Salutatorian Jazmin Rodriguez delivered a message of gratitude for all the support, friendship and guidance from teachers, parents and peers.
“We did it! The moment has come when we’ll turn our tassels and begin building our future,” Rodriguez said. “Each one of us has grown into an adult that for the most part can take on any challenge presented, even if we might need to call our parents every now and then.”
She thanked school staff, teachers, friends and parents. To Mrs. Wisenbaker, “who taught us how to struggle in class,” to Mr. Chandler for guidance on “worksheets and life experiences,” to Mr. Koops for the lesson of meeting deadlines, and to her parents, whom she addressed in fluent Spanish.
She urged her classmates to find your passion and pursue it. “Leave a mark on this world and impact the lives of others. Continue to act on your passion; the world is in need of change.”
Be aware that sacrifices are necessary to accomplish dreams, Rodriguez said in closing.
“Be the change you want to see, and don’t settle for something that is only half of what you want. Life continues even as we fail, so use it as motivation to get back up.”
Valedictorian Trystan Henderson, who gave the closing remarks, encouraged her classmates to embrace life.
“We survived high school. Now the real work begins,” she said.
The lessons learned in school were not all in the curriculum, Henderson said, but are just as relevant and important.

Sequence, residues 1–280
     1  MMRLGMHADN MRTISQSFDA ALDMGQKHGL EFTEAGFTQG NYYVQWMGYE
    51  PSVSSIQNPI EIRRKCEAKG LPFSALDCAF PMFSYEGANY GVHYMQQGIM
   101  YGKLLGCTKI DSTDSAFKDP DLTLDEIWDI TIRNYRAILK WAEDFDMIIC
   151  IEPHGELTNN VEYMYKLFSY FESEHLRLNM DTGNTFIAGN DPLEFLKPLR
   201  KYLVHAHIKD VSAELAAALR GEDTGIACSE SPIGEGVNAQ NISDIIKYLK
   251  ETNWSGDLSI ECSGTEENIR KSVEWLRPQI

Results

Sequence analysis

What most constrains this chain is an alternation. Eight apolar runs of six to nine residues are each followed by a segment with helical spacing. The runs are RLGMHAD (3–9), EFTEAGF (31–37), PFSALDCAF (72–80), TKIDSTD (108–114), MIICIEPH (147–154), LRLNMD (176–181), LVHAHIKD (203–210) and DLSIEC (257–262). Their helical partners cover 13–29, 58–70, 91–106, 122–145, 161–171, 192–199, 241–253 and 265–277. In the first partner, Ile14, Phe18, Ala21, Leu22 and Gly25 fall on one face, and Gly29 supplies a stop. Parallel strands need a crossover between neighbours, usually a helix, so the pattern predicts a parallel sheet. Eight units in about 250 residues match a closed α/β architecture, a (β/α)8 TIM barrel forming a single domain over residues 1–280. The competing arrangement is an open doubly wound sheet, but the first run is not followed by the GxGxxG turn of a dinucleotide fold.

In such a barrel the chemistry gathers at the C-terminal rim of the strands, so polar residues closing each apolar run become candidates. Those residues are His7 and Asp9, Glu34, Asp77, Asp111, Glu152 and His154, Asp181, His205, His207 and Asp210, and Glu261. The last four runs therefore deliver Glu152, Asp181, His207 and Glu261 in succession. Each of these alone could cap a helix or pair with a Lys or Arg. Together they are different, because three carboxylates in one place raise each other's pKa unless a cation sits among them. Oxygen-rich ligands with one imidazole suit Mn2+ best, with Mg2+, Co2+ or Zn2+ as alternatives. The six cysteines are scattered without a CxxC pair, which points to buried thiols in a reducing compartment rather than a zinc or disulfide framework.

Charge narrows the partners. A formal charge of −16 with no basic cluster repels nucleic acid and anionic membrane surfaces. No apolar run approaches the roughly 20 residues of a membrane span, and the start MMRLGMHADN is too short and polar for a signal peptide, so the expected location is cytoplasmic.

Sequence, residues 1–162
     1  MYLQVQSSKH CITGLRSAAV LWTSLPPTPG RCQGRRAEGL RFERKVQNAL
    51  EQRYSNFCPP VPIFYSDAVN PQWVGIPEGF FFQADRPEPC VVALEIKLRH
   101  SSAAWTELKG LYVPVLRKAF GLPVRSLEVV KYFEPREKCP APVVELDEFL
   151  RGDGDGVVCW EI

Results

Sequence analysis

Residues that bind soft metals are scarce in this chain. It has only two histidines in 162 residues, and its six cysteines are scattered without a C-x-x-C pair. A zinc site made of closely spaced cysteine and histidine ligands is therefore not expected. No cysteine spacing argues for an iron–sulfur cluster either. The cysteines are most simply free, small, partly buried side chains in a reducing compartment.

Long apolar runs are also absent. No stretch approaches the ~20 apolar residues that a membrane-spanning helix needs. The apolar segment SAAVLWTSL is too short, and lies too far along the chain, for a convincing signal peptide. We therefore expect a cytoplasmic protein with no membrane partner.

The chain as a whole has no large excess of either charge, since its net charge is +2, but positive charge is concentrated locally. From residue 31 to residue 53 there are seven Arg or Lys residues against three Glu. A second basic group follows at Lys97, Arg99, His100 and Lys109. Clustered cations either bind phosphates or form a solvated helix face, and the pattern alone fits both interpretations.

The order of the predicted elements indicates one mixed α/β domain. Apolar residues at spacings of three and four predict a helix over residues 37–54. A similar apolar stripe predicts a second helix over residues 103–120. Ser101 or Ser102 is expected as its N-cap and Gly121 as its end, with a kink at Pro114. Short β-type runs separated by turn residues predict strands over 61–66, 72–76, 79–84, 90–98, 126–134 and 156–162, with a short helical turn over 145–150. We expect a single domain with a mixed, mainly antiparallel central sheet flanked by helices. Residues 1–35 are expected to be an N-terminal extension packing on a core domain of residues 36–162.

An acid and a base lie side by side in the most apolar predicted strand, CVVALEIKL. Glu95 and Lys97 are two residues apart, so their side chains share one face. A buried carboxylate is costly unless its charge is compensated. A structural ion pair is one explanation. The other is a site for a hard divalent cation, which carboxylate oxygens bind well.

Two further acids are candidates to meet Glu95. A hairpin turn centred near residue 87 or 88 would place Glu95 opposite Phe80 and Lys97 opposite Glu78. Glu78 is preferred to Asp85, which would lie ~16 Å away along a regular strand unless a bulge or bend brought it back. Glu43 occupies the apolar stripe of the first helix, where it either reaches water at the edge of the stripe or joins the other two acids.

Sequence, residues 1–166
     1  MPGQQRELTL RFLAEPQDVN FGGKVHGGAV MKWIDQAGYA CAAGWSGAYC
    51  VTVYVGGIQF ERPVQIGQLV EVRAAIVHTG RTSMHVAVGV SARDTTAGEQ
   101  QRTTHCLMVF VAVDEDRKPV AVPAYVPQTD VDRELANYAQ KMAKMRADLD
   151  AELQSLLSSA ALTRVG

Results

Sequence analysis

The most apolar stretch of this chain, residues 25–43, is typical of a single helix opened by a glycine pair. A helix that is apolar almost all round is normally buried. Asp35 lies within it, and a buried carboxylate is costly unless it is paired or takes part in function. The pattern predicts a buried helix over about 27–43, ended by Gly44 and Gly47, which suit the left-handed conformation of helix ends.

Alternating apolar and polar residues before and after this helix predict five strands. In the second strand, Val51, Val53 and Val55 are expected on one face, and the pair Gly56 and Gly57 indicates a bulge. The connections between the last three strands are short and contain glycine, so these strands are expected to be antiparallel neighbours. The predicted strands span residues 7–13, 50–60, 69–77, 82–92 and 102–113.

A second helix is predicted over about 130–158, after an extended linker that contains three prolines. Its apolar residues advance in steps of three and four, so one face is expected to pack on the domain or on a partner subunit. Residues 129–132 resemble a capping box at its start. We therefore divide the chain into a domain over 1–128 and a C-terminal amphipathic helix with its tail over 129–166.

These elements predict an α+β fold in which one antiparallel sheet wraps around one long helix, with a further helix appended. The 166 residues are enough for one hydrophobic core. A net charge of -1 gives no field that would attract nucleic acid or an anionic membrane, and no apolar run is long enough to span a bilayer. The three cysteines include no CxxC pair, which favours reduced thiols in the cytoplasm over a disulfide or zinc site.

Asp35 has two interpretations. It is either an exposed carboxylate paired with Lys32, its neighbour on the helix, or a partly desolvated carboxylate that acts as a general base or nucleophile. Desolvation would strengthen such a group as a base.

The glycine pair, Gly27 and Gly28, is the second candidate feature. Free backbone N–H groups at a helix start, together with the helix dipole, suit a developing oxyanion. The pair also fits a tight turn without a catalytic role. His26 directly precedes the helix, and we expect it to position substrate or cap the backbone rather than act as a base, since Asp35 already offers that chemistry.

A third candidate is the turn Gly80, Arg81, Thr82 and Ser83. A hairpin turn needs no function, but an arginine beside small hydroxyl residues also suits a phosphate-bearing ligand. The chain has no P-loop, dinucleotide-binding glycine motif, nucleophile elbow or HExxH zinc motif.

For one, do not try and please everyone. There are 7.6 billion people in the world, with that many opinions, she said. “There is no way to be happy in this chaotic world if you are focused on everyone else’s opinions. Simply be yourself. Use the life you were given to do what you love.”
Avoid comparing yourself with others, she said. Focus on finding the joy in your life no matter the circumstances. “Half of what others portray their lives to be isn’t real anyway,” she said.
Get ready for ups and downs, but finding happiness means focusing on the “good things in life, even if there are few,” Henderson said. “Times will come when the cards are in your favor, and when they are not. Whatever hand you get dealt, enjoy the game.”
Quoting scripture, she advised peers to “be slow to anger” and keep in mind that people may be suffering. “Remember the challenges you have faced and be courteous,” she said.
“Keep your mind focused on the good aspects of your life and help others through the bad aspects of theirs.”
Seeing the good in people makes for a better world for the 7.6 billion people.
“Be a friend, even to those who weren’t one to you,” Henderson said. “By doing this, you will help someone and make yourself a better person. Don’t tie yourself down with the chains of hatred.”
“There will be struggles, pain and tears. But there will also be laughter, hope and love. Choose to be joyous and allow the struggles to advance you to a better version of yourself.”
Graduates walked one by one across a stage decked out in flowers, the American flag and banners of the M-CHS Panther. As each graduate was called out to receive their diploma, family members and friends cheered, blew horns and whistled. Confetti was fired into the air. Passing cars honked their horns.
Then it was finally time to switch the tassel to the left.
“Now you go from children who learn to adults who think. Congratulations, Class of 2018,” said an announcer.
Graduates then faced the crowd, and with a sigh of relief and obvious joy, whipped their hats into the blue sky to applause as rock music blasted from the speakers.